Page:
I want to end 2015 by writing about something that connects death and life. On August 12th I went with my husband and our friends, Anne and Huw to the large village of Bellaghy in County Derry, Northern Ireland. I’d been there before to visit Bellaghy Bawn, a substantial house dating from the early seventeenth century, from the days of the Plantation of Ulster. It has for some time housed memorabilia connected with the poet, Seamus Heaney who grew up not far away.
But it’s not so much the Bawn that has stayed with me from this visit. It’s the graveyard.
Seamus Heaney is buried in the graveyard of St Mary’s Roman Catholic church, Bellaghy. This is an old parish, dating back to 1814, though the present church is an imposing 1877 building. It’s a venerable graveyard, testimony to a long-established community whose graves, neatly side-by-side, take up every inch of space. It is extremely well-cared-for, to a degree that can only come from genuine dedication. These people don’t forget their dead.
Tucked into the crook of a boundary wall and therefore a little separated from the main range of graves is Seamus Heaney’s plot. It’s modest and handsome. A decent piece of work, my own late father would have said. On the gravestone, along with Seamus Heaney’s name and dates, is an epitaph:
‘walk on air against your better judgement’
It’s a line from the poem, ‘The Gravel Walks’. That’s bold advice to give from the grave: a bidding us attempt the impossible (or indeed the inadvisable), lightly.
But more impressive to me than even this arresting imperative or the simple dignity of the plot was a tiny detail of the grave. Near a corner of the kerb opposite the headstone two small stones had been placed. Pebbles. One white. One orange.
They’re so small they barely register in this photograph but to me they were significant. I may be completely wrong but they seemed to me to be an instinctive tribute – placed there at a respectful distance but definitely placed, not random – a wanting to contribute something to this man who had given so much to so many.
What can be given to the dead? Remembrance. Prayers, certainly in the Catholic tradition. Perhaps a pledge to take that heady advice and see what happens?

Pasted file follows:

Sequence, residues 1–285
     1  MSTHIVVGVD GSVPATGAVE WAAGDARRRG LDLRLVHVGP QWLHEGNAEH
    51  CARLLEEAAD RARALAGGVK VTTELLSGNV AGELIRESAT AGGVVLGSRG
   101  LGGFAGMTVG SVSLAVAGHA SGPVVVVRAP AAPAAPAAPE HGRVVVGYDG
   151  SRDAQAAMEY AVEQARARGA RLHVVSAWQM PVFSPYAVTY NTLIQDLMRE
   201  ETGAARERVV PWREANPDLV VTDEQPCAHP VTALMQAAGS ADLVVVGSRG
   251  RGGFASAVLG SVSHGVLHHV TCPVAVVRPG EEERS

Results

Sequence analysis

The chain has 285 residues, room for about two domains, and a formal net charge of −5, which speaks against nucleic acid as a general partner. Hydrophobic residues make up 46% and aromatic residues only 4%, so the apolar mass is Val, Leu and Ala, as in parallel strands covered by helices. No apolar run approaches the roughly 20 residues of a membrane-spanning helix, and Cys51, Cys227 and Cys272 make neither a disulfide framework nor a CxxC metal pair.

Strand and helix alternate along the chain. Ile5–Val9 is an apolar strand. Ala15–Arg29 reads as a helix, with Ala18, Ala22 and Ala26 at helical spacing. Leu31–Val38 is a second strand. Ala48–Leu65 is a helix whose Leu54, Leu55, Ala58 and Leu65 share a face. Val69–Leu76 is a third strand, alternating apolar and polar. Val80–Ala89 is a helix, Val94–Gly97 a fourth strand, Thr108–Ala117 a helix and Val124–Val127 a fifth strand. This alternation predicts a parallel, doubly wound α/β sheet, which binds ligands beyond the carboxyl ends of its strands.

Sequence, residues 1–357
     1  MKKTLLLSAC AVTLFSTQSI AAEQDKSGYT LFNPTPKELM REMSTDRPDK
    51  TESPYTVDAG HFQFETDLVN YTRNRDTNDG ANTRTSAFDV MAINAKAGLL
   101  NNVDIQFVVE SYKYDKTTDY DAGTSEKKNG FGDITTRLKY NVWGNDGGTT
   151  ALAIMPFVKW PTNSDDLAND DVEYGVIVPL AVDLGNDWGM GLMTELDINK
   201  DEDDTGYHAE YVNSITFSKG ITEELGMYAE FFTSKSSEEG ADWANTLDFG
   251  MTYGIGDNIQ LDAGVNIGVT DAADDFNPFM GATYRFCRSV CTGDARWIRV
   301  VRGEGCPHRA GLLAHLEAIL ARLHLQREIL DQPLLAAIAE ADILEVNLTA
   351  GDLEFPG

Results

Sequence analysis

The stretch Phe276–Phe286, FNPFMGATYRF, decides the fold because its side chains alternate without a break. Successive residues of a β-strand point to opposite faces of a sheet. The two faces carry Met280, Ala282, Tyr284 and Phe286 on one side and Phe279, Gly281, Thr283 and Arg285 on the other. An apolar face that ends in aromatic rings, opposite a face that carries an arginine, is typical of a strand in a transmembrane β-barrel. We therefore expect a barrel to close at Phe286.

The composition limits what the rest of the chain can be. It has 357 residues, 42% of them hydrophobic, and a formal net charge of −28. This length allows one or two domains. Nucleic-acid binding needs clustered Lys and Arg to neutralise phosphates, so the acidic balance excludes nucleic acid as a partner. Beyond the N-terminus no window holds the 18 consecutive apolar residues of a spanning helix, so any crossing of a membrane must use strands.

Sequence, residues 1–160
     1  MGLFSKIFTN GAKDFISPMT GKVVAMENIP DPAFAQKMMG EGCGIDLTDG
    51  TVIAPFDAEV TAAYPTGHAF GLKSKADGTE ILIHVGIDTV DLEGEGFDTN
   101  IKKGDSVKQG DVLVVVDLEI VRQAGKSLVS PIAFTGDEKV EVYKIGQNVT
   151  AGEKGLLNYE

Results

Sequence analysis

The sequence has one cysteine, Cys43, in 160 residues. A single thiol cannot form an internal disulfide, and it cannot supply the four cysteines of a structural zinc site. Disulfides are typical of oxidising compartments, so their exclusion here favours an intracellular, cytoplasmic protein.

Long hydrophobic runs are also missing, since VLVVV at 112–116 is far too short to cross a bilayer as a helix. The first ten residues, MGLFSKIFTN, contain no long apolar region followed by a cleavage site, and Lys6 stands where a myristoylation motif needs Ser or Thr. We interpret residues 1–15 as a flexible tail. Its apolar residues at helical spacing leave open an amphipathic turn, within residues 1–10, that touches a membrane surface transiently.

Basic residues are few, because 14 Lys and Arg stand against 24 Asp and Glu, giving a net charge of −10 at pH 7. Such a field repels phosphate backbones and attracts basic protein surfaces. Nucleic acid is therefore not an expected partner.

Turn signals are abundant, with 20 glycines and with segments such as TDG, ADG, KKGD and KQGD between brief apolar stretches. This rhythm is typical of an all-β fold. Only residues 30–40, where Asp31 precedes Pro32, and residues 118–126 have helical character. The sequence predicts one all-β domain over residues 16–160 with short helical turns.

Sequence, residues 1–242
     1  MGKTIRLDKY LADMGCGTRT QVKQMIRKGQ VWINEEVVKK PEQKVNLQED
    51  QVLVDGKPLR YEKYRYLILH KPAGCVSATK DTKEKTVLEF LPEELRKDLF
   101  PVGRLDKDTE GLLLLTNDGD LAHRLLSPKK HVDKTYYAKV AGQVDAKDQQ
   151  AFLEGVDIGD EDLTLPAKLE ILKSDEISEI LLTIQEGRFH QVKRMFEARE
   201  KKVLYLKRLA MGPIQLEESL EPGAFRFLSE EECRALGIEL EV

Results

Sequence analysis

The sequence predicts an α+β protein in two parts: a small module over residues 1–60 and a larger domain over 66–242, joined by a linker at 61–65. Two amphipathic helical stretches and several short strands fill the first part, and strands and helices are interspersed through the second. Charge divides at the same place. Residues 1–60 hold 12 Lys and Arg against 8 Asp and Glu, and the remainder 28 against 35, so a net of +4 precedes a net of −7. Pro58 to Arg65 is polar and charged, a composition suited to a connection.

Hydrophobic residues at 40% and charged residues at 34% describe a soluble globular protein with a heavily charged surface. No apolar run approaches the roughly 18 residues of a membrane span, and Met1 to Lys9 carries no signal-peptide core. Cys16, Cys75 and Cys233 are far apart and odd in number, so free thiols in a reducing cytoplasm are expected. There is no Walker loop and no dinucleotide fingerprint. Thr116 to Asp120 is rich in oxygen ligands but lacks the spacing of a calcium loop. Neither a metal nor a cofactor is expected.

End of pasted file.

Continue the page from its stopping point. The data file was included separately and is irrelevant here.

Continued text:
As my own tribute I’d like to recommend the reading of his marvellous Nobel Prize Lecture. It is full of riches and wisdom. Being a broadcaster I tend to notice his references to radio’s ability to connect one to the world:
‘That child in the bedroom, listening simultaneously to the domestic idiom of his Irish home and the official idioms of the British broadcaster while picking up from behind both the signals of some other distress, that child was already being schooled for the complexities of his adult predicament…’
And I see in this passage a link to the epitaph’s call for an act of faith in the local:
‘even if we have terrible proof that pride in an ethnic and religious heritage can quickly degrade into the fascistic, our vigilance on that score should not displace our love and trust in the good of the indigenous per se. On the contrary, a trust in the staying power and travel-worthiness of such good should encourage us to credit the possibility of a world where respect for the validity of every tradition will issue in the creation and maintenance of a salubrious political space.‘
I’m also comforted by his characterisation of the Northern Irish approach to life:
‘The temperamental disposition towards an art that was earnest and devoted to things as they are was corroborated by the experience of having been born and brought up in Northern Ireland… No place in the world prides itself more on its vigilance and realism, no place considers itself more qualified to censure any flourish of rhetoric or extravagance of aspiration.’
To have this expressed so clearly endorses my own experience and makes it feel less strange but I’m comforted also by the fact that he goes on to acknowledge that, having internalised these attitudes, he grew ‘a skin to protect myself against them’. These are not comfortable attitudes. Having to grow a skin to protect against something that is already inside one could hardly be easy.
Vigilance and realism. ‘earnest and devoted to things as they are’
But it is poetry that, for Heaney, permits what he calls in the lecture, the ‘space-walk’, the ‘walking on air’, the possibility of reconciling that vigilance and realism with the imagination. He credits poetry with this capacity, he says,
‘because of a line I wrote fairly recently instructing myself (and whoever else might be listening) to ‘walk on air against your better judgement’.
Poetry can create something at once true to external reality and sensitive to the inner reality of each person.
I believe that this is true for every art.
A Seamus Heaney Interpretive Centre is being built in the village which will probably supplant Bellaghy Bawn’s role as Heaney ‘treasury’. On the day we visited the Bawn it wasn’t due to be open but a member of staff kindly agreed that as he had to open it anyway for some maintenance work, sure we might as well come on in too. I hope that human touch, that pragmatic generosity (doing for someone what you’d want them to do for you) is not lost. There is an art to living too.
St Mary’s, Bellaghy has two graveyards. The newer one is on the other side of the road. There are notable graves there too, of physical force Republicans of more than one type. And in August the gravestone of another well-known Ulsterman was erected, that of Ian Paisley in County Down. Of these graves, Seamus Heaney’s is the most gravity-defying.
‘The Gravel Walks’ can be found in the collection ‘The Spirit Level’, Faber and Faber 2001.
Various renditions of the tune ‘The Gravel Walks’ can be found on youtube but stay off those that are mainly vehicles for musicians who want to boast how fast they can play.
This one is a nicely cross-cultural version with a bit of Scots to it.
This is a very simple version on penny whistle.